Measuring the Effect of an Anti-Discrimination Program
Since 1941, six Executive Orders have been issued forbidding Federal government contractors from discriminating against minority workers. In principle, all prospective contractors are required to demonstrate compliance with the law before a contract is let. The potential penalties are severe: failure to comply with the law may result in revocation of current contracts and suspension of the right to bid on future contracts. Despite these provisions, doubts have been raised about the effectiveness of the Orders. Defenders of the Orders cite cases in which contract award dates have been postponed until firms have taken steps toward compliance with the law. In this paper, we investigate these competing claims using data from 40,445 establishments sampled in 1966 and 1970. In the first section of this paper, we distinguish what can be measured from what cannot. We develop a framework to measure and interpret program effects. In the second section we discuss the design of our sample and present results of an analysis of the randomness of this sample. In the third and concluding section, we present the estimates and discuss their plausibility.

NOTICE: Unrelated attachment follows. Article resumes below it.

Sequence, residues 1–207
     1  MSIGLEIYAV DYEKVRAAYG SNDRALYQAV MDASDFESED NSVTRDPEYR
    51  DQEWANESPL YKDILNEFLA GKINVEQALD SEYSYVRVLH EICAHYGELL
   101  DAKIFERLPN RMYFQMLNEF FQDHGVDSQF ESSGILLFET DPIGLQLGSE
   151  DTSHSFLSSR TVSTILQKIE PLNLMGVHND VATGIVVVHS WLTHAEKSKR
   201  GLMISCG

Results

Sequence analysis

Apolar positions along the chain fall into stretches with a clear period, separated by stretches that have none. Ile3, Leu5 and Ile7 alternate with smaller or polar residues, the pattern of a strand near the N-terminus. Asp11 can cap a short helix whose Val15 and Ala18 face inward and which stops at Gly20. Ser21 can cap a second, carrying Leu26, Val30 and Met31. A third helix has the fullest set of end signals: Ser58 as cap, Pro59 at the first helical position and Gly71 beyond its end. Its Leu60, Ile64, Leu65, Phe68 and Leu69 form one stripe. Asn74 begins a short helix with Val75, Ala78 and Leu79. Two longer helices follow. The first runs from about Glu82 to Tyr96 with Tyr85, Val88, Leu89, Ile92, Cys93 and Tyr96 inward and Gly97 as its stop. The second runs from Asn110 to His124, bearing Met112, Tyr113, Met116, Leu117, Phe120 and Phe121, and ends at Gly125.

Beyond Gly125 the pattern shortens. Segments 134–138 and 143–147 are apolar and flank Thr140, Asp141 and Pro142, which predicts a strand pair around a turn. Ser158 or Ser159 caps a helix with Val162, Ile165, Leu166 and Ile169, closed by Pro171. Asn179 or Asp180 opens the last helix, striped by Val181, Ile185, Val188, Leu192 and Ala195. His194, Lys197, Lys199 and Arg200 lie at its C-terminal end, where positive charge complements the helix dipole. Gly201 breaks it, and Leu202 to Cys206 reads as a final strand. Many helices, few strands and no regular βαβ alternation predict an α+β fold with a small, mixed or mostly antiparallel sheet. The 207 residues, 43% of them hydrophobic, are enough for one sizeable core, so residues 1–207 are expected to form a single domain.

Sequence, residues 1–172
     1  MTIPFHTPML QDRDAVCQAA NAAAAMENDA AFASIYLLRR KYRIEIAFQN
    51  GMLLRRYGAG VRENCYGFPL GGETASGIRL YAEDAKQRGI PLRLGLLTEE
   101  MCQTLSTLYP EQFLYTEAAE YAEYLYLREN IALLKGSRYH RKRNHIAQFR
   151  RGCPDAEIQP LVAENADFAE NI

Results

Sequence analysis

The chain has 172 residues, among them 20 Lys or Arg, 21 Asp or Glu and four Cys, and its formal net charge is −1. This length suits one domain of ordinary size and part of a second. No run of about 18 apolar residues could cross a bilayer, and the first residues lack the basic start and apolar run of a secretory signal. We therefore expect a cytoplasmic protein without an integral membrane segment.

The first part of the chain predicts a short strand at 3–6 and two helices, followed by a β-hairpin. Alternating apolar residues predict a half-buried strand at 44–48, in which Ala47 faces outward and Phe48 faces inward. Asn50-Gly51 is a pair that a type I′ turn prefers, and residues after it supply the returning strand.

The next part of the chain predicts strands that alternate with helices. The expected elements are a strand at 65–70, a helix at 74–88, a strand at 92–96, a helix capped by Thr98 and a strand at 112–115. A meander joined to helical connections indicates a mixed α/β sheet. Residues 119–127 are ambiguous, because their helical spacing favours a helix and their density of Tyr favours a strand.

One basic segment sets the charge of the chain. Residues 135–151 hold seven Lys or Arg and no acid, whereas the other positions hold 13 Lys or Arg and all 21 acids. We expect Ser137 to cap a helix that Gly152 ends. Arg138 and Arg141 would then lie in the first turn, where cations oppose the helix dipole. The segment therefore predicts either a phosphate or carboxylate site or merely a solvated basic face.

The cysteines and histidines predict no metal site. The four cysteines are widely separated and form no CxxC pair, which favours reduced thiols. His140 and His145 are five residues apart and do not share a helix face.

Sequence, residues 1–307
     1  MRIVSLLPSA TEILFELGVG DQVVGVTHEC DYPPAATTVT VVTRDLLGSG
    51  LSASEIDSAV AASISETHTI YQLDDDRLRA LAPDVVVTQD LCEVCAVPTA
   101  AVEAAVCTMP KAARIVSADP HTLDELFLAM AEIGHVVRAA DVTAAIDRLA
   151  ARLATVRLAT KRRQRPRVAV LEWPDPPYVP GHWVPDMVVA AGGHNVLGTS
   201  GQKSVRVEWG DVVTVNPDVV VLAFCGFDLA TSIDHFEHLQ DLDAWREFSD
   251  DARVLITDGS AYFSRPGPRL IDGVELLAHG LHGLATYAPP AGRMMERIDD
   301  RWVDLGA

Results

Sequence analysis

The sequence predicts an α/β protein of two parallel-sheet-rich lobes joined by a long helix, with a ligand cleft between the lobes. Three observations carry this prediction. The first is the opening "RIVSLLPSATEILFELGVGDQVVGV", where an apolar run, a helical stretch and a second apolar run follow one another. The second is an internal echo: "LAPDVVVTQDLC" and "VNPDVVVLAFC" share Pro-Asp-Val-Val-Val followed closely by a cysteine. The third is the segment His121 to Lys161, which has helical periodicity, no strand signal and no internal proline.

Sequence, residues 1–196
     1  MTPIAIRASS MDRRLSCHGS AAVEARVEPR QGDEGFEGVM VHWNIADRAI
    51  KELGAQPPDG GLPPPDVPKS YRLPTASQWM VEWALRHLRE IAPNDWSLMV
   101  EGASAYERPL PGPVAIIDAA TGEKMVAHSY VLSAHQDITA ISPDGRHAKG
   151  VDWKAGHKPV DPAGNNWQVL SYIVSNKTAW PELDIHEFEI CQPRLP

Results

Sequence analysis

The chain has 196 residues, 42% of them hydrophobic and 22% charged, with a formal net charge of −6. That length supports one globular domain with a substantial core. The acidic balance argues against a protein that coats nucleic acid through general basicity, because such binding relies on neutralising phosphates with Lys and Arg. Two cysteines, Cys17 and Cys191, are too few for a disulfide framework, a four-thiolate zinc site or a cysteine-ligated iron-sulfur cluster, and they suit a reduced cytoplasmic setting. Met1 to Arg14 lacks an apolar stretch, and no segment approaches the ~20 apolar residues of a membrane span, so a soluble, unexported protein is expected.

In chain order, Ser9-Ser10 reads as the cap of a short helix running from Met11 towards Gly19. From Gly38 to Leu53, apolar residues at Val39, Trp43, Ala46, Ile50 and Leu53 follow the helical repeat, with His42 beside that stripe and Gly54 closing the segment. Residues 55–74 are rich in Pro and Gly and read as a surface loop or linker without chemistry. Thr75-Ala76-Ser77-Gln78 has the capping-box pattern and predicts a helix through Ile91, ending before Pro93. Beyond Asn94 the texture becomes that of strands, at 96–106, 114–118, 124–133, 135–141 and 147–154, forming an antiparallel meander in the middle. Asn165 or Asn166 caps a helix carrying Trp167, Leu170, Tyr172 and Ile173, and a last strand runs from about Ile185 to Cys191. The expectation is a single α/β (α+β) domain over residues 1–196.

This research was sponsored by an Equal Employment Opportunity Commission grant to the Metropolitan Applied Research Council, NewYork, New York. Heckman's research was partially supported by aU.S. Labor Department grant to the National Bureau of Economic Research. We wish to thank Sherwin Rosen for perceptive comments made on an earlier version of this paper. Ralph Shnelvar performed the calculations.
Ashenfelter, Orley and James Heckman. "Measuring the Effect of an Anti-Discrimination Program." Evaluating the Labor-Market Effects of Social Programsedited by Orley Ashenfelter and James Blum, Princeton, NJ: Princeton University Press, 1976, pp. 46-89.